- Music therapy has been shown in research to improve mental health.
- Extreme heavy metal music, in particular, may help reduce anger and stress while increasing positive emotions, one study suggested.
- The movie "Sound of Scars" details the story of the band Life of Agony's struggle to cope with emotional pain through music.
“I got the razor at my wrist 'cause I can't resist
I've got this fever burnin' fist that does as I wish
But when I get downtown and see what's around
I just know there's got to be a better place to be found”
From “River Runs Red” by Life of Agony
If you believe in the power of music to transform and save lives, the movie "Sound of Scars" (2021) is for you.
"Sound of Scars" takes us through the over 30-year history of the heavy metal band Life of Agony and its current members Mina Caputo, Alan Robert, Joseph Zampella (aka Joey Z), and Veronica Bellino. This powerful and compelling movie invites us into Life of Agony's dark, intense and at times terrifying emotional world—beset with addiction, depression, abuse, and suicide. It walks us through the history of not only how Life of Agony turned these horrible experiences into epic musical statements, but also how their music became a vehicle for the individual members of the band to pursue their most authentic and purpose-driven selves.
As I watched the movie, I began to reflect on the first time I met Joey Z. I believe it was 2005, and my band Odd Zero was going to Method of Groove Studios to record our second album, Admire The Liar. When we got in the studio, Joey and I discussed how we were going to record my vocals. And we came up with a very specific process that was invaluable to me as an aspiring artist.
Joey and I would sit and talk about the event, feeling, or issue that was at the core of the song. It felt like a combination of talking with a therapist, coach, and friend. The conversations were both frightening and validating as I shared intimate emotional details of my life with Joey—a complete stranger at the time—and connected to the emotional anchor of each song.
At some point, I’d inevitably feel a surge of emotion—usually rage—start to boil up within me and I would tell him, “I think I got it.” Then I would jump into the booth, I would start singing and we would record the vocal tracks. It felt cathartic, with Joey providing the context so I could evoke intense emotion and then convert that emotion into artistic expression.
My experience working with Joey is likely similar to how many people experience Life of Agony’s music and live performances. Life of Agony’s secret sauce is an implicit agreement with its fans that the deep emotions expressed in the music were an invitation for the audience to explore, process, and express their own intense feelings. And the band’s vulnerability in tackling difficult issues, particularly involving mental health, gave the audience the opportunity to heal whatever emotional wounds they were struggling with. This process was the emotional context for powerful artistic statements such as their opus River Runs Red (1993), which was called one of the greatest heavy metal albums of all time by Rolling Stone.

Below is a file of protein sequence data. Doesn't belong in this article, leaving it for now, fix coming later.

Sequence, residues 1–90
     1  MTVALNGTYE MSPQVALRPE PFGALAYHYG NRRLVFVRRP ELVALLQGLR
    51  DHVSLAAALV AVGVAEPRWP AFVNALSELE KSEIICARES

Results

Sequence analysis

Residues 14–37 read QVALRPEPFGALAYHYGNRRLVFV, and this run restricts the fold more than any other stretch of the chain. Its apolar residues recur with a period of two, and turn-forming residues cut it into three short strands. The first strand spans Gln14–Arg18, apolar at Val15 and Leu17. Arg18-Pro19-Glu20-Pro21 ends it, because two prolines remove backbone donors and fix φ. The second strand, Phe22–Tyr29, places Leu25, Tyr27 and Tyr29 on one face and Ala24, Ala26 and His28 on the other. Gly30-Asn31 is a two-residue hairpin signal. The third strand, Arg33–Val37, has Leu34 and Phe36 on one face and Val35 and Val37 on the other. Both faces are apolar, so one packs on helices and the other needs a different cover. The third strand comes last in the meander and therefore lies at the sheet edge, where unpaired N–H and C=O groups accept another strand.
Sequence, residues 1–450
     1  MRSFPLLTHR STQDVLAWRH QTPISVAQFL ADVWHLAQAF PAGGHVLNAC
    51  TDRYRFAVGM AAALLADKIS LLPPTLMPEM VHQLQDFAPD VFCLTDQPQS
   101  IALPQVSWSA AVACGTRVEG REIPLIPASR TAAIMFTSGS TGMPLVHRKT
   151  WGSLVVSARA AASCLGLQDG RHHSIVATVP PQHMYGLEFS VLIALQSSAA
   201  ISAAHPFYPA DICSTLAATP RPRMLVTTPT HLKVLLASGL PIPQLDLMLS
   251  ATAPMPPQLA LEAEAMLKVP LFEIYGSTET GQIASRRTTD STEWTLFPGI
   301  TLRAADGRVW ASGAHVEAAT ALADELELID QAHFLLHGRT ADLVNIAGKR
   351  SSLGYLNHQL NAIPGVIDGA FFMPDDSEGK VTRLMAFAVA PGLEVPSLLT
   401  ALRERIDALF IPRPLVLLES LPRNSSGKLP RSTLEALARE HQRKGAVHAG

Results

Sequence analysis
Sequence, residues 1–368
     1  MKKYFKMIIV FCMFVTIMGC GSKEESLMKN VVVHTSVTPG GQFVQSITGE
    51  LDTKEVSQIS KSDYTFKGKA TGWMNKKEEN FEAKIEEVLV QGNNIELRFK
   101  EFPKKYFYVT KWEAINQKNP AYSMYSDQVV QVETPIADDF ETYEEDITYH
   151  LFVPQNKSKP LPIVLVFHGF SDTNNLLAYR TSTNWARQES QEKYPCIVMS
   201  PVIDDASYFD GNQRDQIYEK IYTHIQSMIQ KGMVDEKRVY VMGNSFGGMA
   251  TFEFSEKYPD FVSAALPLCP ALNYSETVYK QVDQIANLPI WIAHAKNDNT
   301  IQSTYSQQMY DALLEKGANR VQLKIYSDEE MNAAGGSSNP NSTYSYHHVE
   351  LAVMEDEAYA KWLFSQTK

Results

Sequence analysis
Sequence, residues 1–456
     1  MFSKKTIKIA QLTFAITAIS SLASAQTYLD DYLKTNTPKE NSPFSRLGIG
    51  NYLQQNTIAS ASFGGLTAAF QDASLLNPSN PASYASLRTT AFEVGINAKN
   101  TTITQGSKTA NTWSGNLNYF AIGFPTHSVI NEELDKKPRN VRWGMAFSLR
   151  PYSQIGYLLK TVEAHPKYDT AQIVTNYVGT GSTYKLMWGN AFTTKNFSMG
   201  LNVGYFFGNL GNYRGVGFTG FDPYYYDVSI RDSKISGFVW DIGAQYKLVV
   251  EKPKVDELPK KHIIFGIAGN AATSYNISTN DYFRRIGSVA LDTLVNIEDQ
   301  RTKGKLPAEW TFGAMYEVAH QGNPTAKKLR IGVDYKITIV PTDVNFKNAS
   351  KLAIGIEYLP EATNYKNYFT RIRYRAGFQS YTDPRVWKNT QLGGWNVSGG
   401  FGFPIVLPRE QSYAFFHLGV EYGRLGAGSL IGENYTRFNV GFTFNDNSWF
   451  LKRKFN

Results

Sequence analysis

The power of music to heal—which is so central to Life of Agony’s ethos—has now been well documented through scientific research. Several studies have demonstrated that music therapy can improve mental and physical health. One meta-analytic review of the effects of music therapy on depression found that in 28 studies of 1,810 participants that music therapy was significantly more efficacious than control groups in reducing depression symptoms.
What has been surprising to many is that heavy music genres such as heavy metal and hardcore punk have demonstrated similar healing powers. For example, one study of extreme metal fans found that when listening to heavy metal music participants experienced reduced anger, stress and hostility, and increased positive emotions.
"Sound of Scars" anchors itself in the emotional experiences of the individual band members, and how they were able to transform their own lives through their music. The movie chronicles Mina’s experience as a transgender woman—and heavy metal’s first openly transgender star. She also explains in more depth her departure from the band in 1997, arguably at the height of the band’s fame. It also explores Alan’s struggle with depression, as well as Joey’s tumultuous relationship with his father.
Throughout the movie, we learn about how the members of the band were struggling with their own individual and family issues, and how they connected and disconnected from one another over time as both friends and bandmates. And one of the potent themes that surges through the movie is how the seemingly brutal genres of hardcore punk and heavy metal were crucial in giving the band an opportunity to express their intense emotions.
There’s a little something in this movie for everyone. Fans will find "Sound of Scars" an enlightening experience, helping them further understand why Life of Agony is one of their favorite bands. Metalheads and punk rockers will enjoy the band’s reminiscing about New York City’s hardcore and metal scene and how they found expression in extreme music. Anyone who struggles with mental health, gender identity, or family issues will be moved by Life of Agony’s story. And finally, if you believe that music has healing powers and can truly save lives, you will immediately identify with the band and be reassured that there are others out there who find music as sacred as you do.
So check out "Sound of Scars"!